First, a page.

All bets are off in what is seen as a dead-heat election, with many still giving CM Nitish Kumar a chance to fight back three terms of anti-incumbency. But for Tejashwi Prasad Yadav and the RJD, this is a poll that will mark the emergence of the young man from the larger-than-life shadow of his father Lalu Prasad.
If crowds at rallies could win elections, Tejashwi is the clear winner. Almost every rally of his has drawn huge crowds of young men who follow him in a wave to the stage and cheer wildly as he speaks. And when he talks of his oft-repeated promise of 10 lakh government jobs, the crowd is almost delirious. Under Tejashwi, the RJD has clearly travelled far from its days in 2017, when it reportedly put up a photoshopped photograph of its Gandhi Maidan rally to exaggerate the numbers.
While Tejashwi is now the Mahagathbandhan’s CM nominee, it wasn’t always this clear. In the alliance’s earlier form, the Congress, RLSP’s Upendra Kushwaha and HAM (S)’s Jitan Ram Manjhi always spoke of “collective leadership”.
But once Kushwaha and Manjhi walked out, Tejashwi asserted his position, leaving the Congress with little choice but to accept him as the alliance’s leader.
The Left parties that make up the rest of the Mahagathbandhan — CPI, CPI(ML) and CPI(M) — are only too happy to let Tejashwi take centrestage.
While at one stage, CPI’s Kanhaiya Kumar was seen as a contender for the youth votes, that too has been laid to rest with the former JNUSU president conceding space to Tejashwi.
Yet, his critics have been dismissive of Tejashwi’s popularity, saying crowds at rallies are no way to judge a winner. Senior BJP leader and Union Minister Ravi Shankar Prasad has reminded people of the 2010 polls when Lalu drew huge crows but the RJD was reduced to 23 seats.
Yet, what is beyond doubt is that in a state that’s the first to go to vote amidst a pandemic that has inflicted loss of lives and livelihood, Tejashwi has hit the right chord by tapping into the disappointment with Nitish and the perception that the CM did little as migrants walked back home and later, did little to stop them as they went back to their workplaces.
It’s this point that he seeks to drive home by saying that he will sign on his promise of jobs the day be becomes chief minister.
It’s not a promise he has pulled out from thin air, insist RJD leaders. “When we found there were 4.5 lakh pending vacancies in the Bihar government and need to create another 5.5 lakh vacancies to match the national average, we came up with the idea of 10 lakh jobs. Now the BJP is trying to copy us,” says one of them.
Those watching Tejashwi say he is learning fast. For instance, when Nitish took potshots at Lalu’s family size, saying, “They have eight-nine children,” Tejashwi, the eighth of Lalu Prasad and Rabri Devi’s nine children, retorted that the CM “has insulted even PM Narendra Modi who has five siblings”. Besides, his “thake gaye Nitish” taunt has summarised the general sense of fatigue against the Nitish administration.
He also learnt fast that his father’s slogan of “secularism and social justice” wasn’t enthusing the post-Mandal, post-Babri generation, and that he needed a fresh slogan. He didn’t have to look far — he took the “development” theme out of Nitish’s camp and mixed it with the right dose of populism.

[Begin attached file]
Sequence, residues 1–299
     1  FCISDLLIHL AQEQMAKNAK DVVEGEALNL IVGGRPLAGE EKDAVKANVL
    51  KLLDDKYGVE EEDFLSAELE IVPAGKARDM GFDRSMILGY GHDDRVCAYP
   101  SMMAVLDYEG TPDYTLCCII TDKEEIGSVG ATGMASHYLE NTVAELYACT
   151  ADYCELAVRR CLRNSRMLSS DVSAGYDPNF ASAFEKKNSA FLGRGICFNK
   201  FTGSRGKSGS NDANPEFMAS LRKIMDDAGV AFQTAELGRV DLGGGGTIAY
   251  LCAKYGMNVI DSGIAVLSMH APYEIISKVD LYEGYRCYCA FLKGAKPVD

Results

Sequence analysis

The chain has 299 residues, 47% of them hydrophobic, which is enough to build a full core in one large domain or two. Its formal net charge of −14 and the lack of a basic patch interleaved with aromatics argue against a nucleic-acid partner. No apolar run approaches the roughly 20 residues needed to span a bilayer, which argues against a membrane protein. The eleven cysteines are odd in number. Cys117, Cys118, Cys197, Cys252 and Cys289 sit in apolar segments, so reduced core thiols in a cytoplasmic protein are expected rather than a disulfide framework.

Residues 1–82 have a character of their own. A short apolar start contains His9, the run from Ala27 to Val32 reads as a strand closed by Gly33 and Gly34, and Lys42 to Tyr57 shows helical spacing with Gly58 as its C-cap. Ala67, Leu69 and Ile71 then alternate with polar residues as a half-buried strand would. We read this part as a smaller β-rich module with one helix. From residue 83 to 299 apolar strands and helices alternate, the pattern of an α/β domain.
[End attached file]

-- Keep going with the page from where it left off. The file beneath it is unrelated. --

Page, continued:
Besides the offer of government jobs, he has been promising pay parity to over five lakh contract teachers. Tejashwi has also assured aanganwadi and ASHA workers of a raise in salary.
It’s this group that’s cheering him on at his rallies, says Kishore Jaiswal, a Munger-based water conservationist. “Besides his Muslim-Yadav votebase, the crowd at his rallies include youth aspiring for jobs and prospective benefiaries of his polls promises,” he says.
For now, Tejashwi has also managed to assert his position within his own family. With eldest sibling Misa Bharati mollified with a Rajya Sabha berth, the family has also managed to handle elder brother Tej Pratap Yadav more diplomatically than they did during the 2019 Lok Sabha polls, when he had turned a rebel.
While all of this make Tejashwi look like the indisputable challenger, his critics say his rise is less to his credit and owes more to the disarray in the NDA, with the LJP walking out and the BJP and JD(U) not sharing the best of ties.
Not too long ago, when Patna witnessed its worst-ever waterlogging in 2019, Tejashwi had been criticised for being missing in action. Even at the start of the lockdown, as migrants began walking back, Tejashwi put up no opposition.
But as the rumblings in the NDA grew, Tejashwi got a foot in the door.
The LJP is now fighting on 143 seats, most of these against the JD(U). If it ends up cutting into the JD(U) votes, the RJD could end up with more than a fighting chance in a number of seats.
Yet, will it be enough for the RJD to topple Nitish? For him to do that, he will have to bring more to the table than the party’s core M-Y votes.
Sanjay Kumar, director of the Centre for Studies of Social Sciences, explains, “Besides his core votes, he may get a chunk of youth and EBC votes and some splinters from the NDA’s core constituencies. But its best performance was when it got over 25 per cent votes in the 2005 Assembly polls. With Congress and Left, that may touch 34-35 per cent. But what if the NDA still manages 37-38 per cent? It is very difficult to predict on the basis of social maths alone. It is the most complex election to make out.”